You’re the curator, here.

Do you have a collection? Do you know why you are collecting?

Feng Shui for Book Lovers: How to Pare Down a Library

Where's Dash? My kids seem to tolerate mess more than I do these days.

Where’s Dash? My kids seem to tolerate mess more than I do these days.

HouseLast month I decided once and for all that I was going to either get rid of some books or embrace what my life was becoming: a Grey Gardens kind of gorgeous.

As a writer, I had long taken solace in studies linking messiness to creativity. Oh the ways old magazines, paper clips, half-open books, unanswered mail and yesterday morning’s cereal bowl must be sparking fireworks in my brain! But with three other people in the house, and overflowing bookshelves set to topple, the center could no longer hold. All I yearned for was an empty room, maybe some curtains billowing from a sun-drenched window. Faced with this impossibility, I found myself, over the past several weeks, becoming one of those people who can’t stop talking about feng shui.

You know feng shui. The ancient Chinese art of balancing energy in spaces. The only way you might convince a husband to buy a bed with a tufted headboard. The theory behind what every family learns eventually: Hell is other peoples’ stuff. This was not the first time I welcomed the inexplicable power of space and energy into my life.

I first latched onto the ideas of feng shui a year before when it struck me that I had three different kinds of cinnamon in my cupboard and six different salts. I was experiencing what Germans call die Qual der Wahl (the torture of choices). A friend of mine had pressed a copy of Karen Kingston’s Clear Your Clutter with Feng Shui: Free Yourself from Physical, Mental, Emotional, and Spiritual Clutter Forever into my hand and I ended up removing at least two thirds of the items from my kitchen, which is apparently in the love center of my feng shui Bagua. Don’t ask me what this psycho juju actually means. All I know is that by clearing clutter, you make room for new energy to flow into your home. It must have worked, for within a week of decluttering the kitchen, I became a mom to a Finnish exchange student.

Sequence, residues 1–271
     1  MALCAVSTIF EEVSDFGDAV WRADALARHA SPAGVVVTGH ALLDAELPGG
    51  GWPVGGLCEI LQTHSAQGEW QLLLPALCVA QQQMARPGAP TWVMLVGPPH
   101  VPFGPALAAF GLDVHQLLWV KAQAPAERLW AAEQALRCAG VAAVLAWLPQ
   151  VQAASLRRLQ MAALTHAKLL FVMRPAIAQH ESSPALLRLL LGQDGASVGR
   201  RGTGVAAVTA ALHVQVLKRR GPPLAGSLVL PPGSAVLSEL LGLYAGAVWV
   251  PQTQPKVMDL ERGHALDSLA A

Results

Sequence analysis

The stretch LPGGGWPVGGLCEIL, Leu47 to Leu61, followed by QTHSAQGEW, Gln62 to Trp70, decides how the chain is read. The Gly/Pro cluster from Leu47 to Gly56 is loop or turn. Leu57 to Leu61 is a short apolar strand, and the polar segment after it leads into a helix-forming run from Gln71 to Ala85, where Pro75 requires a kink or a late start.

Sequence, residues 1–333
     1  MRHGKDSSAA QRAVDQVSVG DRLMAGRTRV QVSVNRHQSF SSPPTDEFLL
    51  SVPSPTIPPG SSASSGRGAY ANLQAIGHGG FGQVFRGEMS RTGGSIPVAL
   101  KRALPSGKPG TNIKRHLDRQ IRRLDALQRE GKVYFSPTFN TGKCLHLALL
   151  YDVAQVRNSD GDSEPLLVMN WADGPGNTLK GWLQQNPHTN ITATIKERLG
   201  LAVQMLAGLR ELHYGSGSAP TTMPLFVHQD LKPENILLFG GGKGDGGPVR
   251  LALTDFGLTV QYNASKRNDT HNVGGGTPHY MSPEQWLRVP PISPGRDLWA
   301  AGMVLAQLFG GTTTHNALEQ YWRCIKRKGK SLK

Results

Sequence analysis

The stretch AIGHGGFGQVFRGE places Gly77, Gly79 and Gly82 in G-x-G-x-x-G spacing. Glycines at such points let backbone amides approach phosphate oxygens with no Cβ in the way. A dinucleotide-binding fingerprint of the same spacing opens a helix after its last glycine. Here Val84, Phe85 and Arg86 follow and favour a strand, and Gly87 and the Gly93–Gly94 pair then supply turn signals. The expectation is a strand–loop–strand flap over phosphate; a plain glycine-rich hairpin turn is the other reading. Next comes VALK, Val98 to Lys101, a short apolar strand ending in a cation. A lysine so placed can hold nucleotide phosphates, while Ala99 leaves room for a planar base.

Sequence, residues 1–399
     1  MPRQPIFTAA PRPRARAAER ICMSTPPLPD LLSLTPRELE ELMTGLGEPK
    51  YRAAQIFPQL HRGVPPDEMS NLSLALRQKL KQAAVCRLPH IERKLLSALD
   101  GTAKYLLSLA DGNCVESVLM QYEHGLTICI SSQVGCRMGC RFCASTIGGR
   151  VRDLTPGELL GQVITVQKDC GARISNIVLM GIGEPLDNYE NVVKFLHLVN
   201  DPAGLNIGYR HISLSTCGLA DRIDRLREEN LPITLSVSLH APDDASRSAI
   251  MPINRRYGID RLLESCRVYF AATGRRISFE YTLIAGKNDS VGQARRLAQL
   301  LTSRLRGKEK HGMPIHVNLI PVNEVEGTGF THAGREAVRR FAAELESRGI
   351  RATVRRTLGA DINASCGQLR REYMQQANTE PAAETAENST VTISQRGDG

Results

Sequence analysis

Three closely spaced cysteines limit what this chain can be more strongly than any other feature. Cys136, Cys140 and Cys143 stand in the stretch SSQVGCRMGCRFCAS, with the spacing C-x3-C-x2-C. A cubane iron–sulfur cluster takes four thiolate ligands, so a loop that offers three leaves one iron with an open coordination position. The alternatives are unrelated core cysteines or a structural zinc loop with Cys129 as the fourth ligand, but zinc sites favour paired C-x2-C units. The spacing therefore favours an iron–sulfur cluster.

But the books were a different kind of trouble. To a writer, books aren’t objects or clutter – they are life blood. My lined shelves were a living diary of my reading life. I wasn’t sure how I was even going to remember what I had read, if I could be a writer without a house filled with physical books. The judgy houseguest in me tsk tsked. How could anyone get an image of who I am if they didn’t judge me by my books? And more importantly, how could I?

Naturally my first attempt at applying feng shui to the library yielded space for perhaps four more hardbacks, which I promptly filled up – and then some – over the next twelve months. But just a year later these shelves were filled to overflowing and I had found myself with a new problem. I was trying to write my first book. I was three chapters in, and I had started to believe that my packed library had taken on metaphorical meaning. There was no room on my shelves for anything new, no room in the world for this very weird idea I had to write a memoir through the lens of scent.

Then came Marie Kondo, Japan’s reigning tidiness expert, whose book The Life-Changing Magic of Tidying Up: The Japanese Art of Decluttering and Organizing already has 73 holds at my small-town Oregon library. She is everywhere these days, with her bright-eyed, doll face and nothing out of place, encouraging people to surround themselves only with objects that bring them joy. I adore her for one reason: She is a poster child for how to make your own particular mental illness into a business model. Her major feat for our culture is in finding a way to turn her OCD (I’m diagnosing here) come across as this lovely, embraceable lifestyle choice for you and, let’s hope, the people around you. Marie – I feel like I can call her Marie, we’re that close now – declutters by category, not by room. For books, she advises that you pull every volume out of a shelf in order to let it breathe and put them all on the floor.